Dr. Joshua Jacobs’ dog, Walter, is one of the canines asking humans to sign up for a free site that connects people with info on the latest health research opportunities on everything from COVID-19 to cancer to mental health. Humans choose what health topics they’re interested in, and they get notifications about research opportunities they can do to help make discoveries.
Between the COVID-19 pandemic, incurable diseases, and mental health struggles, this past year has officially gone to the dogs.
And canines aren’t taking it lying down.
They’re taking over social media, billboards, transit ads, and more sharing why they want to Save Da Hoomans in a campaign from Rush’s Institute for Translational Medicine and top Chicago universities that’s funded by the National Institutes of Health. Those institutions that are setting aside business for the greater good include the University of Chicago, Northwestern, Loyola University Chicago, the University of Illinois at Chicago and others.
“This public awareness campaign is through the eyes of our pets,” said Joshua J. Jacobs, MD, director of the institute and vice dean for research, Rush University Medical College. “Pet adoption and sales have soared during the pandemic, making our animals the perfect messengers to get through to us.”
Jacobs’ dog, Walter, is one of the canines asking humans to sign up for a free site that connects people with info on the latest health research opportunities on everything from COVID-19 to cancer to mental health. Humans choose what health topics they’re interested in, and they get notifications about research opportunities they can do to help make discoveries.
“We can’t understand the long-term impacts on COVID-19 survivors or find new treatments or cures for diseases like cancer or mental illness without people volunteering to participate in health research studies,” said Julian Solway, MD, director of the institute and dean for Translational Medicine at UChicago.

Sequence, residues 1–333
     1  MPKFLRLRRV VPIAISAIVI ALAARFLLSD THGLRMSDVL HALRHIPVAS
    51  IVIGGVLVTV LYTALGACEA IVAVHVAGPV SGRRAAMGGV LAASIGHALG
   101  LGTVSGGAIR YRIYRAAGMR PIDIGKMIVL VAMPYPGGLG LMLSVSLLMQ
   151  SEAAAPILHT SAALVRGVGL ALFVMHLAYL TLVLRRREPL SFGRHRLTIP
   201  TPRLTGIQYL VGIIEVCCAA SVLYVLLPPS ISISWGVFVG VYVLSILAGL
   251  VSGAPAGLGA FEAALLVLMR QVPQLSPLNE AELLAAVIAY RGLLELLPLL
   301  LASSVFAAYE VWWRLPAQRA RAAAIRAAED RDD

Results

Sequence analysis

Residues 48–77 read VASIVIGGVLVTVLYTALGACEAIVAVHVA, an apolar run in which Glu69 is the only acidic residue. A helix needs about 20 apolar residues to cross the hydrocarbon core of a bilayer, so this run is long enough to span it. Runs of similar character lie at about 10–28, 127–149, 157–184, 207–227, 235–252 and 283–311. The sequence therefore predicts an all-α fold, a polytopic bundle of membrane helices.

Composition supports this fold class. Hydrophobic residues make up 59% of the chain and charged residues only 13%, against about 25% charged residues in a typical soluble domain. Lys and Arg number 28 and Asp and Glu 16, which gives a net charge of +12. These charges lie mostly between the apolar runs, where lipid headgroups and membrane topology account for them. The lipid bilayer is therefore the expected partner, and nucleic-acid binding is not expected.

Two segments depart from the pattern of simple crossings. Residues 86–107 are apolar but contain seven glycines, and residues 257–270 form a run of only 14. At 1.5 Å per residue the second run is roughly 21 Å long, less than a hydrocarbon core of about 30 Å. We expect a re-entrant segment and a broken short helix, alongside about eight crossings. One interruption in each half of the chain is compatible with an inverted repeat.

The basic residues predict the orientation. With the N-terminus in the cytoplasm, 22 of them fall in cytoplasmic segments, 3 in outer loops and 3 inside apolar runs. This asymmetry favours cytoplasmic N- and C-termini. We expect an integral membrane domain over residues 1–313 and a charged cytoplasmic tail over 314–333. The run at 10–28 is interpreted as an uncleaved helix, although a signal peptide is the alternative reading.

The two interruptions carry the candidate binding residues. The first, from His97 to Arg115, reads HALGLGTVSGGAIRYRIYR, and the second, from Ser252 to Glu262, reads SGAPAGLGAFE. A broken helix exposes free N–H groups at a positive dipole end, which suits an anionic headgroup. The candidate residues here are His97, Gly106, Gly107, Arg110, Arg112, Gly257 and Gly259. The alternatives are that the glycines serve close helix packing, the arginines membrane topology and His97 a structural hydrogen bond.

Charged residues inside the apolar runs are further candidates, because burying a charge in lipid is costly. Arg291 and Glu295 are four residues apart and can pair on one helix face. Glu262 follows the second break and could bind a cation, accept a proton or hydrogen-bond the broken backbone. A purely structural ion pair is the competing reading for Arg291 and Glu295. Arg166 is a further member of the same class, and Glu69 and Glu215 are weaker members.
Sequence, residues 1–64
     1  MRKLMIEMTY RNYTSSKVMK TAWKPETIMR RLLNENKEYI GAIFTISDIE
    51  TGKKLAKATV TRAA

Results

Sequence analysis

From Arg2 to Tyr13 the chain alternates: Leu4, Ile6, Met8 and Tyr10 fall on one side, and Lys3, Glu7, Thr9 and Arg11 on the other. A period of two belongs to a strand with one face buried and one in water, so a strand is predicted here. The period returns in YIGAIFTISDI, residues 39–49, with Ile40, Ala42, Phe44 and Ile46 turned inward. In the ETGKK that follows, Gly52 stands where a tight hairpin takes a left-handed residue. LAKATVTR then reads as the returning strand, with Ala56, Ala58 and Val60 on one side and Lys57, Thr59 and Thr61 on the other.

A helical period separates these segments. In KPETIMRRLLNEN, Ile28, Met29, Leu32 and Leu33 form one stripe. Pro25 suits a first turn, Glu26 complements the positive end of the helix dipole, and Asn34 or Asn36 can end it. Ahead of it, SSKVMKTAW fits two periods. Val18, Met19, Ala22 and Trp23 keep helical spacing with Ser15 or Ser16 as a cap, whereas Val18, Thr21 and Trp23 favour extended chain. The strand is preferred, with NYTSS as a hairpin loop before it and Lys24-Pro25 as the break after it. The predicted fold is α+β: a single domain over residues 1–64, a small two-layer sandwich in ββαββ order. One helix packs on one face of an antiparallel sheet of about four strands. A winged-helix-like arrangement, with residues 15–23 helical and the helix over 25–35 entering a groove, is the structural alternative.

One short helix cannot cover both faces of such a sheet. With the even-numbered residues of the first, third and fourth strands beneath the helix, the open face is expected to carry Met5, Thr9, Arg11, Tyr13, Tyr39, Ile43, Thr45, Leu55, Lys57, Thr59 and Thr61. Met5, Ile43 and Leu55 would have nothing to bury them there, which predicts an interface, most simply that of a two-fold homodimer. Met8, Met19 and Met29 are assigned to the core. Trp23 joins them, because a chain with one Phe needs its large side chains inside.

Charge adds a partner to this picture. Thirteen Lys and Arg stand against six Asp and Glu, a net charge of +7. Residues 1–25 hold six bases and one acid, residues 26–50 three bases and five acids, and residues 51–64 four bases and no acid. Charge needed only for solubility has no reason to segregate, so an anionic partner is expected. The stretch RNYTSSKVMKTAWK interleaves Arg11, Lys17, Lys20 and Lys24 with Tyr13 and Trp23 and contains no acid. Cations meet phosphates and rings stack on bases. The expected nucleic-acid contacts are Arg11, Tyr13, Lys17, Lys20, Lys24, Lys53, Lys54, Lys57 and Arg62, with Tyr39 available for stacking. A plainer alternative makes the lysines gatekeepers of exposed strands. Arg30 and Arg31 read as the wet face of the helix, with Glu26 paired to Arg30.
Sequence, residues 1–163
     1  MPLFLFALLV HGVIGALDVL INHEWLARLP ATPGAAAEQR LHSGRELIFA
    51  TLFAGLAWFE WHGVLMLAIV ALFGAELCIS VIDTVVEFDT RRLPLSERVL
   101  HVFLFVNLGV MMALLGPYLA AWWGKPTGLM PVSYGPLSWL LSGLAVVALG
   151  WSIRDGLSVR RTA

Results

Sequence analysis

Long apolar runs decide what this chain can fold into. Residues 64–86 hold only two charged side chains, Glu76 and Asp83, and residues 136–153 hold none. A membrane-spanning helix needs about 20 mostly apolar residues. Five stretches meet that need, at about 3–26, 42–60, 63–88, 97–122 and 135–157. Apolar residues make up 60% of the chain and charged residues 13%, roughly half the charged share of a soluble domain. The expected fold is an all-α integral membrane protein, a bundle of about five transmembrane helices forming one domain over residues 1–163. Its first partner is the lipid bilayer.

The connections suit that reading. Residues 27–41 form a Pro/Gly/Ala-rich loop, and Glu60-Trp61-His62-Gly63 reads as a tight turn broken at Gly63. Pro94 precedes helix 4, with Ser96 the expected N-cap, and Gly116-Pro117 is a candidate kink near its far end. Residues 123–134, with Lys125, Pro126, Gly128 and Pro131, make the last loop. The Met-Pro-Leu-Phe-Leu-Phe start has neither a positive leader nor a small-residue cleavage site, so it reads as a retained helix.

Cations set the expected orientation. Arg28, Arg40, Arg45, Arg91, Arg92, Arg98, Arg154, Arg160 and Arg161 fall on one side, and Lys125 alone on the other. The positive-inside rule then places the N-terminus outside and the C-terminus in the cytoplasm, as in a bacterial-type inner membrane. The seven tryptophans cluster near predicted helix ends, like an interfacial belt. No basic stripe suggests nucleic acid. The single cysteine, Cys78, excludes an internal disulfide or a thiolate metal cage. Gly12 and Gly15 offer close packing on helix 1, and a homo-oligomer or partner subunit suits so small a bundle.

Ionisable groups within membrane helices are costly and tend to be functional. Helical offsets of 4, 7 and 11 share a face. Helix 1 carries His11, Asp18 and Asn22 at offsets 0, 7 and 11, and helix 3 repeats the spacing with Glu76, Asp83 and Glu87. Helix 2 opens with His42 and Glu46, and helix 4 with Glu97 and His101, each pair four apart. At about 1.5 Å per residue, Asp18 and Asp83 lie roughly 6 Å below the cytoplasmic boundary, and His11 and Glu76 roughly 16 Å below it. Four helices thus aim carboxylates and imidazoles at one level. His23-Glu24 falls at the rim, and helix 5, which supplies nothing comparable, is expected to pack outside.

“We’re so proud of Lola for mobilizing the dogs,” said Scott, whose 12-year-old dog accompanies her on many newscasts. “Lola has grown up watching me in a STEM field, and Save Da Hoomans captures all the things she loves in a cause that’s using science to help people live healthier, longer lives.”
The corps of dogs is growing, and their humans include local celebrities as well as prominent attorneys, teachers, business leaders, community members, yogis, and local animal rescues.
“Dogs live for us and are tired of seeing us struggle with physical and mental health issues,” said Sara Serritella, ITM director of communications and UChicago lecturer. “They know the answers can only be sniffed out with science if we all participate, and they’re mobilizing because they ultimately need us in their lives as much as we need them.”
Follow along on social @SaveDaHoomans on Instagram, Facebook, TikTok, YouTube, and Twitter to meet the dogs and hear their stories, as well as why their humans care about finding ways to live better lives and cure diseases. Humans can listen to the dogs and sign up at SaveDaHoomans.org and post their own photos using the hashtag #SaveDaHoomans to join the fun.
About Save Da Hoomans
The Save Da Hoomans campaign is about dogs mobilizing to help save their humans from physical and mental health issues so that they can live longer, happier, healthier lives together. Follow their stories on social media @SaveDaHoomans and learn more at SaveDaHoomans.org.
Save Da Hoomans is part of The New Normal Campaign that’s championed by the Institute for Translational Medicine (ITM), a partnership between the University of Chicago and Rush University in collaboration with Advocate Health Care, the Illinois Institute of Technology, Loyola University Chicago, and NorthShore University HealthSystem, as well as the Northwestern University Clinical and Translational Sciences (NUCATS) Institute and the University of Illinois at Chicago Center for Clinical and Translational Science (CCTS). The ITM, NUCATS, and CCTS are fueled by nearly $80 million from the National Institutes of Health National Center for Advancing Translational Science Clinical and Translational Science Awards Program. The Michigan Institute for Clinical & Health Research shared its technology to help connect the public with research opportunities for this initiative. The New Normal initiative is also supported by the Chicago Department of Public Health and other regional and national partners who believe in empowering everyone to get involved in making discoveries to improve human health. Learn more at www.bethenewnormal.org.